It is important that if you want to bring your state or City case in court, you must NOT file with the State or City Division of Human Rights. If you do so, you lose your right to file in court. If you don't care about going to court, you might get some relief in the divisions - however, in my opinion, the state division is more employer-friendly and bureaucratic. The EEOC will often attempt to resolve the claim with mediation, but other times will dismiss the case without making a finding, allowing you to file in court within 90 days. You can file on your own, but you are always better off with an attorney.

Remember: Harassment of a general nature - rudeness, etcetera- is not a matter for a court. But if it is sexual harassment and you truly believe it to be so, report it. That way, if your employer takes action against you, it cannot say that it rectified the problem and you can say you were the victim of retaliation. The EEOC explains retaliation here: https://www.eeoc.gov/laws/types/retaliation.cfm                

When can a case be appealed?

I love appeals. You need a lawyer who knows appellate law and procedure if you are appealing and expect to win. My record of wins when I am defending appeals is almost 100% (in two cases, the court made little changes). My record on appeal as the appellant - the party trying to get a new decision - is about 40%. That is well above average for cases being overturned (5-10%), but I will not take a case on appeal unless I am convinced there is a legal error that is unsettled and needs to be decided. My reputation is too important for me to be taking lousy appeals. Sonia Sotomayor, when she was a lower appellate judge told me that in no uncertain terms in the 2000's when she said to me, "Counsel, what are you asking for?" I had no case but took it on appeal because someone was paying me. I will take a paid appeal, but never one that doesn't have an important issue at hand.

The appeal of a criminal or civil case is something anyone can do, and that I have a good record at, but is often widely misunderstood. If you lose your case in New York - and I can do an appeal anywhere in the country - you may immediately start notice your intention to appeal, but that is not the end. All of the papers in the case - the transcript if there was a trial - have to be collected, printed and agreed to as accurate. According to the American Bar Association, the only basis for an appeal is that there was a legal error. A legal error is when the law was not properly applied or improper evidence was allowed or the jury was given bad instructions.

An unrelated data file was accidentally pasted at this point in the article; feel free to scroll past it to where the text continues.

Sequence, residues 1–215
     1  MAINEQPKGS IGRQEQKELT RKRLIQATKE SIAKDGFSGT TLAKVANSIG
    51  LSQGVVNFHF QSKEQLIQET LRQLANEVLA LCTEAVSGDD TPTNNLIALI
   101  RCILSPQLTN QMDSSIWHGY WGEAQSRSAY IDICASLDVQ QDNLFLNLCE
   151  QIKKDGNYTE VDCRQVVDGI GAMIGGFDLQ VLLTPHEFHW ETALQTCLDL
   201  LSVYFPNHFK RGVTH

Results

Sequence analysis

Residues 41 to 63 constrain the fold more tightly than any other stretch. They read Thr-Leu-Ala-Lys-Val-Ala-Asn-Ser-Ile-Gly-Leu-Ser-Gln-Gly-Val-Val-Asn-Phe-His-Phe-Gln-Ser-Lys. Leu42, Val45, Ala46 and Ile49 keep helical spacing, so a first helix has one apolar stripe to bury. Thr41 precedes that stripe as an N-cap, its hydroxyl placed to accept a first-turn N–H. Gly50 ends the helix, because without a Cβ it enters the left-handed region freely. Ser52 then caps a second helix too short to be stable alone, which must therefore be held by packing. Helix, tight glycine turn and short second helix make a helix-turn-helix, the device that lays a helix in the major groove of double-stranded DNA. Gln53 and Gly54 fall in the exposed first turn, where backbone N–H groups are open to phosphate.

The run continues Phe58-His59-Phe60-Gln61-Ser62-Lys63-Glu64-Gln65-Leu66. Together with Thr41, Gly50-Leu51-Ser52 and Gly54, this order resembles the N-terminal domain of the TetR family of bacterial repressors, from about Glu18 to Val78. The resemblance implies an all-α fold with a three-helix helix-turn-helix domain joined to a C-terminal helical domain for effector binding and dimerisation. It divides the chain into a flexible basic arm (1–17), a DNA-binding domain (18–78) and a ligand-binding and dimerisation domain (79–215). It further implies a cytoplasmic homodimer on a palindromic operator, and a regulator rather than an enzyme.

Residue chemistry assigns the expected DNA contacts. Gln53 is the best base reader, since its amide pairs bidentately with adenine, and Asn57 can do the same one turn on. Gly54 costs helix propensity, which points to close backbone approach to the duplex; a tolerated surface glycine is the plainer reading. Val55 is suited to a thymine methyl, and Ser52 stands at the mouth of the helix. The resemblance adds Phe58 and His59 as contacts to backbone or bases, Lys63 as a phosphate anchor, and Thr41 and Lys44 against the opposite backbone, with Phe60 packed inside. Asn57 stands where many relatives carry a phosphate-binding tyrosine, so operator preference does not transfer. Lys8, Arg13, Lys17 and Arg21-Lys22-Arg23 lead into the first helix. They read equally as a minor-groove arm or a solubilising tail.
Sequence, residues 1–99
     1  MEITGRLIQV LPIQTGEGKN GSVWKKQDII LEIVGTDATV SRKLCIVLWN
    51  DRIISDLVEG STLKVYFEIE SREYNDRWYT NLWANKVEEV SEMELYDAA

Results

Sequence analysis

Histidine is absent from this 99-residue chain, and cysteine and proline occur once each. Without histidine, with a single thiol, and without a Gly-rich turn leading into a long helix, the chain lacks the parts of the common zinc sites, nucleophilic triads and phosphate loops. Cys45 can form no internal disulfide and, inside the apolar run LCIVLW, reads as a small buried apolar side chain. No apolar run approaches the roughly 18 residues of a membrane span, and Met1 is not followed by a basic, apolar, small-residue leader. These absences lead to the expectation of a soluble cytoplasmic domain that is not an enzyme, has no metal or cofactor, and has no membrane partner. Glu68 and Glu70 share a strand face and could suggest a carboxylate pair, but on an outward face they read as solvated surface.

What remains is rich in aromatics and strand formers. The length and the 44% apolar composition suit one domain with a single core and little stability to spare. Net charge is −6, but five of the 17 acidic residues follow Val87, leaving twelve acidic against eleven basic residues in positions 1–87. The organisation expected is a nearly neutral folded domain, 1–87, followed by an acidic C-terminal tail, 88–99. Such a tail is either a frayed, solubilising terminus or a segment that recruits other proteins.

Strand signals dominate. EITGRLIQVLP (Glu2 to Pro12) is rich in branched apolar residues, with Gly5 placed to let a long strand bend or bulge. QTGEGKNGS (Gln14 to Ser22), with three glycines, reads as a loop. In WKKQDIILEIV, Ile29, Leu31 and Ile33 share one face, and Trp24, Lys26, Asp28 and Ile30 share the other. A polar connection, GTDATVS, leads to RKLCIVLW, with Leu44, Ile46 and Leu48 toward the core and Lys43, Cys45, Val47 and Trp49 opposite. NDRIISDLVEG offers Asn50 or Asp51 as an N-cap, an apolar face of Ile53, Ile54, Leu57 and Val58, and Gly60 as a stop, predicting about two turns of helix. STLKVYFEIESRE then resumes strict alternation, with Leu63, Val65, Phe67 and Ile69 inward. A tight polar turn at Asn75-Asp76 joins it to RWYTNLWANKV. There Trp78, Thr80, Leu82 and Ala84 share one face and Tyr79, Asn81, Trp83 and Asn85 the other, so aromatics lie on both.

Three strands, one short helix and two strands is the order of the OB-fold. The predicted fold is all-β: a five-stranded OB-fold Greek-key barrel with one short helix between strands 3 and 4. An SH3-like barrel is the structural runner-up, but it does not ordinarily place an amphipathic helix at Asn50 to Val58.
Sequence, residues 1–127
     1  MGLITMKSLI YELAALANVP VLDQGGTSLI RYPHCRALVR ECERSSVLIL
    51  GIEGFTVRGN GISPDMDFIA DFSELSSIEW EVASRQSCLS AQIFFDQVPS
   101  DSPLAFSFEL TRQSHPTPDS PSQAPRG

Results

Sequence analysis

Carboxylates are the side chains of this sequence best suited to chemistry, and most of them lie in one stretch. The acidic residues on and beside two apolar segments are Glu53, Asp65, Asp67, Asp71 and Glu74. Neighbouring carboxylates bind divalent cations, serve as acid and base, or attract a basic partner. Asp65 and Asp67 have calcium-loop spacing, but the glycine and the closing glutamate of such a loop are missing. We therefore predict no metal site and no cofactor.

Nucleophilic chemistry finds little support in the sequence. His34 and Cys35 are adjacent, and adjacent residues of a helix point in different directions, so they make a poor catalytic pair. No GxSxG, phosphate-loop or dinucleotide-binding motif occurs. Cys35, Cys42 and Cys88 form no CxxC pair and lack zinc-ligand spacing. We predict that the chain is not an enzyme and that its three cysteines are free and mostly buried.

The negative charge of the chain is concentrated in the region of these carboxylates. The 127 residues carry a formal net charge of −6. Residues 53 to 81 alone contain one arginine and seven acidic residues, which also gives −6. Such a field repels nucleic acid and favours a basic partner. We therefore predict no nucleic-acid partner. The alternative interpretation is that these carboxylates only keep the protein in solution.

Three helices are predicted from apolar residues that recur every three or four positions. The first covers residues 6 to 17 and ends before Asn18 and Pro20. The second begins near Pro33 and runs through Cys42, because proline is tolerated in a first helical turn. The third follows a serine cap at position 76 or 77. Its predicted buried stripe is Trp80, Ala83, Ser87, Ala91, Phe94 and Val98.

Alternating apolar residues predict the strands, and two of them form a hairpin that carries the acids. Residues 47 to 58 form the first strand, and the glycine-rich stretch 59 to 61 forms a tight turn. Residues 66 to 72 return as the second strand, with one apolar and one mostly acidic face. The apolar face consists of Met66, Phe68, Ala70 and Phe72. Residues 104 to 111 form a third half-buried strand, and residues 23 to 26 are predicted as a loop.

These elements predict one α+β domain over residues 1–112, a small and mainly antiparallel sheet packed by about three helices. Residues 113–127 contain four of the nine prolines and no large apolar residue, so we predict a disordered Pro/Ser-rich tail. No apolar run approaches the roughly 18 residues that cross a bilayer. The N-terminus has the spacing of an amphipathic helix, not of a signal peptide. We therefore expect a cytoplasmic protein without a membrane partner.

An appeal is not a new trial. The court will not rehear the case. You will almost never get a chance to provide evidence or testimony. Many times, the court makes a decision based on the paperwork you file for the appeal or based on written briefs of the trial. Sometimes, oral arguments may be heard, but they are kept very brief.The oral argument is important in some 25% of cases, and appeals are granted in 5-10% of cases, civil or criminal.

The U.S. Supreme Court does not decide but only hears about 5% of the cases that try to have the result changed. I have filed petitions for certiorari - and two of them had important legal issues - but none of them were taken. Right now, a case I won at the Second Circuit Court of Appeals is being challenged at the Supreme Court. My name is on the brief but I had lots of help. We will probably know if the Court takes the appeal (and we hope it does not - we won already - but that doesn't mean we'll lose, even if the Court takes it. We'll just have to worry for another nine months. The case is Zarda v. Altitude Express, 100 F.3d 883 (2d Cir. 2018) (en banc). 

Can I do anything about workplace rudeness?

Having to work in an environment in which you are not happy is always a problem. In fact, unhappiness is often why people leave a job. There is something that is happening more often in work environments around New York that is leading to issues in the workplace and causing people to feel unhappy with their situation. This issue is called workplace rudeness.